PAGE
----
Experts Discuss Stepashin, Primakov, CPRF 

July 11, 1999
[translation for personal use only]
Studio interview with Igor Bunin, director of the Center of Political 
Technology; Dmitriy Oreshkin, leader of the Mercator group; and Leonid 
Radzikhovskiy, political observer from the Segodnya, by announcer 
Yevgeniy Kiselev--live 

[Presenter Yevgeniy Kiselev] Besides unification 
with Belarus, a lot of issues have been discussed in the last week, in 
particular, all kinds of pre-electoral alliances, rumours on Sergey 
Stepashin's supposed sacking and allegations about some sophisticated 
Kremlin scheme aimed at banning the Communist Party. 
We shall talk about these issues with leading political analysts. Our 
guests are director of the centre of political technology, Igor Bunin, 
leader of the Mercator group, Dmitriy Oreshkin, and 'Segodnya' newspaper 
political observer, Leonid Radzikhovskiy. 
[Bunin] Rumours of this kind have been dogging Stepashin's cabinet from the 
very first moment. 
[Passage omitted: details] 
[Bunin] At the same time, I have a feeling that this cabinet will last much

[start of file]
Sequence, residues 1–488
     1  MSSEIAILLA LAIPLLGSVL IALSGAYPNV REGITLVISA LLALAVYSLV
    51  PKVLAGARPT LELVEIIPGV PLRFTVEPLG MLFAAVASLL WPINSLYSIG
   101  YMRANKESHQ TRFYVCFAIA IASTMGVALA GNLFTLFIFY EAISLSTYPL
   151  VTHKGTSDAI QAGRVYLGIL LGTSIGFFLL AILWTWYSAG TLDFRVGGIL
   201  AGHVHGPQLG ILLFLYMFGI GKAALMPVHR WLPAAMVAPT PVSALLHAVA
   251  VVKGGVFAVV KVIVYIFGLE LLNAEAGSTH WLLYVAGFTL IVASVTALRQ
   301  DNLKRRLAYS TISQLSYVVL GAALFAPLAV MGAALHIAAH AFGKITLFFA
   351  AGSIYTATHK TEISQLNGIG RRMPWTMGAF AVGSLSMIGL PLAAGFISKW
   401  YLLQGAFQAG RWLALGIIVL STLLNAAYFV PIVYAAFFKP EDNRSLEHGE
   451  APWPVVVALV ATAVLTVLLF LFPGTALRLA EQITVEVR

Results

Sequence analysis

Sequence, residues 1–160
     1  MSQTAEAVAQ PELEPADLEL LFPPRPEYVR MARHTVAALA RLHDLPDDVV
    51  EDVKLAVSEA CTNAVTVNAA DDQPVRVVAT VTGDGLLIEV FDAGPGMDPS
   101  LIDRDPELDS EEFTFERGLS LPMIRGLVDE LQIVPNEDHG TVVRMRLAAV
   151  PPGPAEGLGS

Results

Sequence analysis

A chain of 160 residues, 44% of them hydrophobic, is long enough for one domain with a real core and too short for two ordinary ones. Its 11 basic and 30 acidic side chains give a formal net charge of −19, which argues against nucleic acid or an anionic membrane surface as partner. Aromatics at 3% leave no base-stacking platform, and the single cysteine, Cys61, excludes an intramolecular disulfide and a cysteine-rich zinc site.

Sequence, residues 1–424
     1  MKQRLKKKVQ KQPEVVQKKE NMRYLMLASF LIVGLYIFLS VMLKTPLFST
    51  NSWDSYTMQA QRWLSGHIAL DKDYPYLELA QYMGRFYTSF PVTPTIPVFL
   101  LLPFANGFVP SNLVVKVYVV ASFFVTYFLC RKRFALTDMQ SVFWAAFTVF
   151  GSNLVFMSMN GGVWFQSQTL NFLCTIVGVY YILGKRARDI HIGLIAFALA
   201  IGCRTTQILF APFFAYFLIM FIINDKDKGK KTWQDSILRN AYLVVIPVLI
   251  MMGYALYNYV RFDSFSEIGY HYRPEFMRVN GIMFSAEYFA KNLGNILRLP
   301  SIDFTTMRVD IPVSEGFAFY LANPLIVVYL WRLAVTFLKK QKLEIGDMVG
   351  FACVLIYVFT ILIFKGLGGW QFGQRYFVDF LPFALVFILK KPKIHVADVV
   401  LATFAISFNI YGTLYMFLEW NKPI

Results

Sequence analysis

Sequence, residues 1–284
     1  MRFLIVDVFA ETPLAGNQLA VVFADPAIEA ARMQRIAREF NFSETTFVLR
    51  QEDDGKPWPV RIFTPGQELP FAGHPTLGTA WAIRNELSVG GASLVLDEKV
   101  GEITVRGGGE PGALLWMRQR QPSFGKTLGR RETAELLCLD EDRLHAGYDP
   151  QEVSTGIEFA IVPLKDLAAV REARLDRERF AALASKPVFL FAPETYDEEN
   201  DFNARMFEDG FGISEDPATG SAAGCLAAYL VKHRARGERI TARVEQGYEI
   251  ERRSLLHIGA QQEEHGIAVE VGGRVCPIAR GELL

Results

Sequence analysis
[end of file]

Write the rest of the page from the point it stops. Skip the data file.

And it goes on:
longer than expected. 
[Passage omitted: details] 
[Bunin] If this cabinet demonstrate at least a minimal efficiency and 
manages to prepare well the Duma elections, which is basically its main 
task, it will stay in office until December. No one can forecast the more 
distant future in Russia. 
[Presenter] Dmitriy Borisovich Oreshkin, what is your opinion? Is
Stepashin really possible? 
[Oreshkin] Who needs it, we should ask? Nobody except one of the groups
the presidential team. Both the president and the country need stability 
[Passage omitted: repetition] 
[Oreshkin] Stepashin is a proper person in a proper place and it seems to
that the majority of the voters sympathise with him. He is tough on the